Subject Re: [Firebird-Architect] RC4
Author Alex Peshkoff
On 11/14/10 21:39, Jim Starkey wrote:

> Fixing Firebird security isn't as simple as supporting encryption
> plugins because plugins can't address the key distribution problem.
> Addressing the problem requires changes to the client, the protocol, and
> the server. Complicating the solution is the honorable tradition of
> allowing older clients to communicate with newer servers

When we talk about security enhancement on server this must be optional.
And sooner of all default (secure default) should be "no".

> and vice versa.
> The only responsible path is to propose, critique, and evolve a security
> architecture until there is consensus that it is good enough, then
> devise a strategy to implement it.
> I'm going to describe the security architecture I'm using in NimbusDB as
> a starting point. The key element is that clients generate one-time
> session keys that are securely transmitted to server. Whether the key
> only encrypts authentication credentials, all communications, or the
> database file at page level can be discussed separately.
// ...............................
> Line protocol consists of four byte message lengths followed by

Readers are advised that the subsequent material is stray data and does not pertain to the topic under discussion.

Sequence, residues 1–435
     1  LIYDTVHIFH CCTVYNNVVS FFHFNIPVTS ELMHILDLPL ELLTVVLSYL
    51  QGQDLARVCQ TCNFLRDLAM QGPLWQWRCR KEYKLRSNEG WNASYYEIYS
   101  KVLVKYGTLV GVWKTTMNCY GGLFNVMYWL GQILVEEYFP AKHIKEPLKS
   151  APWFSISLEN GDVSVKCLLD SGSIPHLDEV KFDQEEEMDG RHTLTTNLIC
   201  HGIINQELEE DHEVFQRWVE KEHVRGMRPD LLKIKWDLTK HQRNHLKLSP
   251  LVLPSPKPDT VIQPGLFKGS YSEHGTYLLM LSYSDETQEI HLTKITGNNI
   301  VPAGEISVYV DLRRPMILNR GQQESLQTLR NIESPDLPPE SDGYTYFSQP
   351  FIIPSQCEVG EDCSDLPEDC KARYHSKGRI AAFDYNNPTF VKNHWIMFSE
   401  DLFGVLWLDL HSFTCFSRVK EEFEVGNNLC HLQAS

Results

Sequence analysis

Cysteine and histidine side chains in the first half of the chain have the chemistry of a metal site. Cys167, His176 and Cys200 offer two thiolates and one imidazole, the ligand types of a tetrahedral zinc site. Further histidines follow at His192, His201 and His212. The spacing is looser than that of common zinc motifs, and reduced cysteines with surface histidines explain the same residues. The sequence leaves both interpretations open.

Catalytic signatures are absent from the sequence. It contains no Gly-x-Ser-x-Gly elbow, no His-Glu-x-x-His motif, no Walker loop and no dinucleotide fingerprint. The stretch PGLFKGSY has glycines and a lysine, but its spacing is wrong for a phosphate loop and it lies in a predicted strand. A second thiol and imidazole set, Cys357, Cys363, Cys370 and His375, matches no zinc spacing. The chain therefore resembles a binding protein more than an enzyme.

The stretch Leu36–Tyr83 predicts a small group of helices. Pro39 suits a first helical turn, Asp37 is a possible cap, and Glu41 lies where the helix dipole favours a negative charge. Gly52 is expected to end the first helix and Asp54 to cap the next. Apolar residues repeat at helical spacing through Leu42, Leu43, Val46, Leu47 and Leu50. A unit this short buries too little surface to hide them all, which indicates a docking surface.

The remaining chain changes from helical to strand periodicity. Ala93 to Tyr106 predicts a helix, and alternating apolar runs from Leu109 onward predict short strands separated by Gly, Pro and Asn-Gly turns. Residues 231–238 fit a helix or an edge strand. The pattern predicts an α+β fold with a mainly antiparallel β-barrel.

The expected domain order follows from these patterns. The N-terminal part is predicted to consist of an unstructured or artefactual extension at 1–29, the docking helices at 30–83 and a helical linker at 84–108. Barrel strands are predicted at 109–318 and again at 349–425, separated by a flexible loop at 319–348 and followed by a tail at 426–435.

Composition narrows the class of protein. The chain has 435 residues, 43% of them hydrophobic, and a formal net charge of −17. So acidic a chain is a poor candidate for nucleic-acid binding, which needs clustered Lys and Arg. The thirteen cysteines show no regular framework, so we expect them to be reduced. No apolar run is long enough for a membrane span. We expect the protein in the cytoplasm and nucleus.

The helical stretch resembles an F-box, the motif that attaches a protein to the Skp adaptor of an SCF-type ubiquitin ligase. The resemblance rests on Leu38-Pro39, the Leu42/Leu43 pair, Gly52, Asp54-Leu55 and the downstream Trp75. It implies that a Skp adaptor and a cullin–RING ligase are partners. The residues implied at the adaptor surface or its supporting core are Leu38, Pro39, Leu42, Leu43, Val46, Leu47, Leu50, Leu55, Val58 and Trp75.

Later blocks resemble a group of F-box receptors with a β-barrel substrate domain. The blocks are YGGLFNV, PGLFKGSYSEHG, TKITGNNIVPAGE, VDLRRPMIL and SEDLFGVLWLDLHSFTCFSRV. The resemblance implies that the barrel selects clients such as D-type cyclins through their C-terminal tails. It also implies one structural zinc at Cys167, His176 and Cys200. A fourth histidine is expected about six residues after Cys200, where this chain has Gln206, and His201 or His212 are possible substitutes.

> encrypted gook, rounded up to a multiple of the encryption algorithm's
> blocksize. Encrypted gook embedded in character data is encoded in base64.
> Guys, this is not plugin stuff.

I agree with all said here, except last phrase. Certainly, firebird must
extend remote protocol to support encryption and help with key
management. But let me try to rewrite your architecture in plugin's terms:

1. Server invokes line crypt plugin to generate key pair at startup time. If different crypt plugins require different types of key, all required key pairs are generated.
2. On first connection to a server, the client is given the server's public key(s) and a list of supported plugins for it(them).
3. The client selects an algorithm and calls crypt plugin which generates a one-time session key, encrypts the algorithm type and session key using the server's public key and returns that data block to the client, which sends it to the server.
4. The server invokes plugins one after another to try to decrypt data from the client. If some plugin (RC4, AES-128, AES-256 or any other) is able to decrypt data from client, secure communication is established.

I.e. on my mind use of crypt plugins do not contradict with security architecture, but makes it better.